In CAR T-cell immunotherapy, T cells from a patient’s own blood are engineered to carry so-called chimeric antigen receptors (CAR) that enable the T cells to attack and kill tumor cells. While CAR-T therapy is a powerful approach for certain leukemias and lymphomas, it’s not available for many patients who need it. It can be difficult to gather enough functional T cells from patients’ blood, and manufacturing CAR T cells for each individual patient is expensive and takes time — time patients may not have on their side.
A new technique developed by the lab of George Q. Daley, MD, PhD, in the Boston Children’s Hospital Stem Cell Program could make CAR T-cell therapy more widely accessible. Using induced pluripotent stem cells (iPS cells), the researchers developed a method to make generic CAR T cells that could be produced at scale for use in multiple patients. They reported their findings in Cell Stem Cell on August 4.
“We show that generic iPS cells can be converted to CAR T cells not only more efficiently, but more effectively — creating an enhanced CAR T cell that more faithfully resembles the gold-standard clinical-grade cells we currently use,” says Daley, the project’s senior investigator and a member of the Dana-Farber/Boston Children’s Cancer and Blood Disorders Center. “Our strategy could enable ‘off-the-shelf’ CAR-T therapies and help more patients access these treatments.”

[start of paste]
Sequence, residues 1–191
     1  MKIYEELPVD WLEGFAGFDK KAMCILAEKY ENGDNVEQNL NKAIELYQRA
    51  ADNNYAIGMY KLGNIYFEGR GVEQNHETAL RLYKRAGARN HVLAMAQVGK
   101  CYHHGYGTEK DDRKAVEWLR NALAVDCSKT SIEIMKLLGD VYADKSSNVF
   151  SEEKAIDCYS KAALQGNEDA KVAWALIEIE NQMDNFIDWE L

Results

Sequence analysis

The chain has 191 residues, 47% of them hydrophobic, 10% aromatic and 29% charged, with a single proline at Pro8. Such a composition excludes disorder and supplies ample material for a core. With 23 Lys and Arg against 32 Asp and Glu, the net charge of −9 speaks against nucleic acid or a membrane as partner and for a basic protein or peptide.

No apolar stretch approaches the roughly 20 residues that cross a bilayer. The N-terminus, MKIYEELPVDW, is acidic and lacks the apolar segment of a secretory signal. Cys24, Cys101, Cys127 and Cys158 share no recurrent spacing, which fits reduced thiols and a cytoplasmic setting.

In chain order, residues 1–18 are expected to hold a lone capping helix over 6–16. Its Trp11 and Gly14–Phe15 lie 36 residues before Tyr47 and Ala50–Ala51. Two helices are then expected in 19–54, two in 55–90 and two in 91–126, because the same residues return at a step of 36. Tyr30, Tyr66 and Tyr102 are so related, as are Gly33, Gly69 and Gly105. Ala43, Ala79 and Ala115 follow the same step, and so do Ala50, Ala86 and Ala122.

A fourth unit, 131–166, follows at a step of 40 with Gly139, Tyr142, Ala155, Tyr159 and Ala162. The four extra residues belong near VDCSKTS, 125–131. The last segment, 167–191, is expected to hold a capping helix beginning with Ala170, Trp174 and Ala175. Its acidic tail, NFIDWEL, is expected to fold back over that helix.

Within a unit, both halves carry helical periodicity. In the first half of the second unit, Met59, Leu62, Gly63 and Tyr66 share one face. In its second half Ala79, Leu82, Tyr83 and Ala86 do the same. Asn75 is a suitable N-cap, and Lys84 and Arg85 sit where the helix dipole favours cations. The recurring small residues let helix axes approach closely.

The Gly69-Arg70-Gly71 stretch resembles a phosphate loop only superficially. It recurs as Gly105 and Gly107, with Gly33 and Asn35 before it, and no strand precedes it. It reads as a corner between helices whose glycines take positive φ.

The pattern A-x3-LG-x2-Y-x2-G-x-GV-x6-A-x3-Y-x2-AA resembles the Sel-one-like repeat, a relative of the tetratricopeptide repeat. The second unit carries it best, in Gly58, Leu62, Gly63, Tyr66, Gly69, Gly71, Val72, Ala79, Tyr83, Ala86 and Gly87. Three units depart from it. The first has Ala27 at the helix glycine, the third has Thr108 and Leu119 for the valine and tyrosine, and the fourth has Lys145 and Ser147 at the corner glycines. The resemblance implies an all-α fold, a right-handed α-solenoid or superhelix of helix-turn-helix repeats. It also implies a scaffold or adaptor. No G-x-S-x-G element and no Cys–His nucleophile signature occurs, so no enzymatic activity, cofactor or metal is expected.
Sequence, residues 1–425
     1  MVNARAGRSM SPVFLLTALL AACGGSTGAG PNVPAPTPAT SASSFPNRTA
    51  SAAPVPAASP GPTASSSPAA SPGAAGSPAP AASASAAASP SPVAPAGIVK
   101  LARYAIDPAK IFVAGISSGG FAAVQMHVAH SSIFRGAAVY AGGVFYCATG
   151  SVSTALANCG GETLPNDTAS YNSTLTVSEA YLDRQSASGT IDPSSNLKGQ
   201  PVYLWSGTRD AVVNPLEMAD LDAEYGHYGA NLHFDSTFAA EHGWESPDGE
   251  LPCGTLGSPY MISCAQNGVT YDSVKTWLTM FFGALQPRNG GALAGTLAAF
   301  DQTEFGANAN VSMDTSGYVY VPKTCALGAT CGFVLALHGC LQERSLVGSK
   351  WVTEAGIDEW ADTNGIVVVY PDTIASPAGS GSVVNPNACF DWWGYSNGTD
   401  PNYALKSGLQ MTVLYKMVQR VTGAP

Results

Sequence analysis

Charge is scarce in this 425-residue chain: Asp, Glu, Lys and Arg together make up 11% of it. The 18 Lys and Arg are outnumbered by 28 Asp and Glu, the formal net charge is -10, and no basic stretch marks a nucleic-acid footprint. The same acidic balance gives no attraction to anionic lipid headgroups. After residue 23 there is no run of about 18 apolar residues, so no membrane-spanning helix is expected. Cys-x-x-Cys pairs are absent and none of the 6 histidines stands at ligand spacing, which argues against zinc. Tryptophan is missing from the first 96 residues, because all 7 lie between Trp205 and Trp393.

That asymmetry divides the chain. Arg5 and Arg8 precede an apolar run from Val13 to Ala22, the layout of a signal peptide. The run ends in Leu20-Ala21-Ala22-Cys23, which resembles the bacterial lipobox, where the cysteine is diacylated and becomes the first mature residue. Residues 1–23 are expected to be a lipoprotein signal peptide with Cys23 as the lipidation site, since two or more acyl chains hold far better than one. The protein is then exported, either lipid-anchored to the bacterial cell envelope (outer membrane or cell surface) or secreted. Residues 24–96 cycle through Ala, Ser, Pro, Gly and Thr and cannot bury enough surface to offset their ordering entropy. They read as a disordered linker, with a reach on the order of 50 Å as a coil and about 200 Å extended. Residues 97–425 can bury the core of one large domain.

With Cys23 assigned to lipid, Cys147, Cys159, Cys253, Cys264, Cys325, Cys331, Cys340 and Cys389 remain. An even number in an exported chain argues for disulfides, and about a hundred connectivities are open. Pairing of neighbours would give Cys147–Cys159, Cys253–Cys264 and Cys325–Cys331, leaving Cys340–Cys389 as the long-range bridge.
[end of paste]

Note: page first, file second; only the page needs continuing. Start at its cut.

Enhanced anti-tumor activity
While iPS cells are, in theory, a limitless source of different cell types, Daley, first author Ran Jing, PhD, and their colleagues had to overcome the challenge of deriving mature, fully functioning T cells from which CAR T cells could be made. In the past, researchers have struggled with this because of the tendency for iPS cells to produce immature, embryonic cells in the Petri dish.
Looking at epigenetic factors involved in blood development, the team zeroed in on the enzyme EZH1, which restricts the differentiation of mature lymphoid cells. Suppressing EZH1, they found, gave iPS cells the ability to make mature T cells. The team also developed a culture system that avoids co-culture with mouse-derived cells, which is cumbersome and yields T cells that aren’t sufficiently mature.
When the iPS-cell-derived T cells were further transformed into CAR T cells, they showed anti-tumor activity comparable to that of CAR T cells derived by methods currently used for clinical therapies. These new cells had an enhanced ability to kill cancer cells in the lab and to clear cancer cells in live mice when compared to T cells made with prior iPS-cell methods.
“After many years of promise, it seems that iPS cells are finally yielding new therapeutic approaches to the treatment of diseases like cancer,” says Daley.
Boston Children’s and ElevateBio, a technology-driven company focused on cell and gene therapy development, are forming a new company (not yet named) around the technology. The study was supported by grants from the National Heart, Lung and Blood Institute, the National Institute of Diabetes and Digestive and Kidney Diseases, and the Emerson Collective Cancer Research Fund. The Manton Foundation provided critical funding for this work.
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